Wessinger, Catherine. 2009. “Lee Hancock Collection: Federal and State Materials on the Branch Davidian Case.” Nova Religio: Journal of Alternative and Emergent Religions 13, no. 2 (November): 114–25.
This is a preliminary report on internal FBI documents and Texas Rangers reports in the Lee Hancock Collection in the archive at Texas State University. Dr. Catherine Wessinger would later discover additional FBI primary sources and utilize them in the book chapter titled “The FBI’s ‘Cult War’ against the Branch Davidians” (2017).
Wessinger, Catherine. 2009. “‘Culting’: From Waco to Fundamentalist Mormons.” Religion Dispatches. July 3.
Wessinger, Catherine. 2012. “‘Cults’ in America: Discourse and Outcomes.” In Cambridge History of Religions in America, ed. Stephen J. Stein, vol 3: 1945 to the Present, 511–31. New York: Cambridge University Press.
Dr. Wessinger traces the origin of “cult” becoming a word with a negative connotation that is utilized to stigmatize religions viewed as unusual and heretical, and how applying the “cult” label can prompt law enforcement agents to take aggressive actions against members of such groups.
Wessinger, Catherine. 2012. “Charismatic Leaders in New Religious Movements.” In Cambridge Companion to New Religious Movements, ed. Olav Hammer and Mikael Rothstein, 80–96. Cambridge: Cambridge University Press.
Dr. Catherine Wessinger discusses the social scientific understanding of “charisma,” and offers a clear functional definition of “charisma” suitable for the study of leadership in religions. She discusses the issues and various manifestations of charismatic religious leadership, including that of David Koresh.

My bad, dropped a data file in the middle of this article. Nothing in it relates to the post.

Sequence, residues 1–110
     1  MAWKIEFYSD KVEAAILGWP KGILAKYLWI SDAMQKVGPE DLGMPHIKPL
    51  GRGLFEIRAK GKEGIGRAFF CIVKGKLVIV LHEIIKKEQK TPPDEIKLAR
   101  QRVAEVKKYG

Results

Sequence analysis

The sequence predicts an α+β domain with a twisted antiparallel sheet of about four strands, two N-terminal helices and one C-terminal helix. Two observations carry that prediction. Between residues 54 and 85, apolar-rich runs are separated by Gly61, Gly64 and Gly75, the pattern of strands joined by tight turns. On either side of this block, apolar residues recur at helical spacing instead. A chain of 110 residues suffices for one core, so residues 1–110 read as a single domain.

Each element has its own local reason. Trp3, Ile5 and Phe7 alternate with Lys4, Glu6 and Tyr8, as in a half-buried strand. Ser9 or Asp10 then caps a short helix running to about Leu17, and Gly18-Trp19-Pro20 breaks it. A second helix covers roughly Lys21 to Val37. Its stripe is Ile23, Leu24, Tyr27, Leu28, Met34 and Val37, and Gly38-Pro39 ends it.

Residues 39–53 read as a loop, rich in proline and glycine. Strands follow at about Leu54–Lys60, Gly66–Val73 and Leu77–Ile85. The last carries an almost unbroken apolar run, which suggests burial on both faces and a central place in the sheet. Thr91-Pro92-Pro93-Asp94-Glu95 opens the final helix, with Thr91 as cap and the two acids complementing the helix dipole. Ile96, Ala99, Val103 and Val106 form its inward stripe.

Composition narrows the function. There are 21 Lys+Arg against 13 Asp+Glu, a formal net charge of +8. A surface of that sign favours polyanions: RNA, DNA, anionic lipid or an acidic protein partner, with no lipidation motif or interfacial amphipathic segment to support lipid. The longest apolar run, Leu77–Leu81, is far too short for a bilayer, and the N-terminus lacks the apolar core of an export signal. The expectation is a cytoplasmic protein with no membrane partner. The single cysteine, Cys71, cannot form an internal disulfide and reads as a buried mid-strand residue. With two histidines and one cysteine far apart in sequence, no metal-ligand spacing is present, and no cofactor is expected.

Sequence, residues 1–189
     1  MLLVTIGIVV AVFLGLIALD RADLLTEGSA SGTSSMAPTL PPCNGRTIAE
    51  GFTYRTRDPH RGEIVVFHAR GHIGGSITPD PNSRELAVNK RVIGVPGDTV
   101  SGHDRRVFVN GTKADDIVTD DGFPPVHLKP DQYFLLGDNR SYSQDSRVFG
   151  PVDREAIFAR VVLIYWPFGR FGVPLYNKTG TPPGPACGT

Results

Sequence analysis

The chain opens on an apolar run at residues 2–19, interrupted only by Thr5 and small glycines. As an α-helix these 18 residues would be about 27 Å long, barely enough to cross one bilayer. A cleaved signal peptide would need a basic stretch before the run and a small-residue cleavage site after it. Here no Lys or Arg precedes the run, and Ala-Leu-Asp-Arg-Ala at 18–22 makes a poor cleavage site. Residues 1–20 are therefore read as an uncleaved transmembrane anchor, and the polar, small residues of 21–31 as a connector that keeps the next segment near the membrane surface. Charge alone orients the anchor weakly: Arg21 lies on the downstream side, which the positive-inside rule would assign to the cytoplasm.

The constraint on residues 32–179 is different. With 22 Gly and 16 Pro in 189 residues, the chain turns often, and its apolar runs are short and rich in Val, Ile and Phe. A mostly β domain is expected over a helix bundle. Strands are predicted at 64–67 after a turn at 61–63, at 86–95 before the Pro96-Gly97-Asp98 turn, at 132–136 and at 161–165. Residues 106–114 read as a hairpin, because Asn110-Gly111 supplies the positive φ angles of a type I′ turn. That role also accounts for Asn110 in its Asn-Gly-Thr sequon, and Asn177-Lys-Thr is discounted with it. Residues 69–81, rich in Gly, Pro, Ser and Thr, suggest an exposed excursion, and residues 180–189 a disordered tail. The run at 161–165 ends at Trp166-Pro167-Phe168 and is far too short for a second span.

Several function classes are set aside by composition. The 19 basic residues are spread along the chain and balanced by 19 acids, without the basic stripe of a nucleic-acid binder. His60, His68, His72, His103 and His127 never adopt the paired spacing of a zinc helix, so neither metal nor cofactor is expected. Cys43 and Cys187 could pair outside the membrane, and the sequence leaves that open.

Wessinger, Catherine. 2013. “Assault on the Branch Davidian Community: A Photographic Retrospective.” World Religions and Spirituality Project. https://wrldrels.org/wp-content/uploads/2016/02/Assault-on-the-Branch-Davidian-Community-A-Photographic-Retrospective.pdf.
Powerpoint slide show of photographs compiled by Dr. Catherine Wessinger.
Wessinger, Catherine. 2013. “Branch Davidians, 1981–2006.” 2013. World Religions and Spirituality Project. (6,586 words).
A succinct profile of David Koresh’s Branch Davidian group, which highlights the debated questions relating to the conflict with federal agents in 1993.
Wessinger, Catherine. 2013. “Branch Davidians, 1981–2006: Extended Profile.” World Religions and Spirituality Project. (23,143 words).
This extended profile of David Koresh’s Branch Davidians utilizes government reports, internal FBI documents including the FBI’s “WACMUR Major Event Log” about the case, and other sources to provide answers to some of the debated questions about the case.
Wessinger, Catherine. 2013. “How the Millennium Comes Violently.” Reprinted in Religion in Today’s World: Global Issues, Sociological Perspectives, ed. Melissa M. Wilcox, 482–94. New York: Routledge.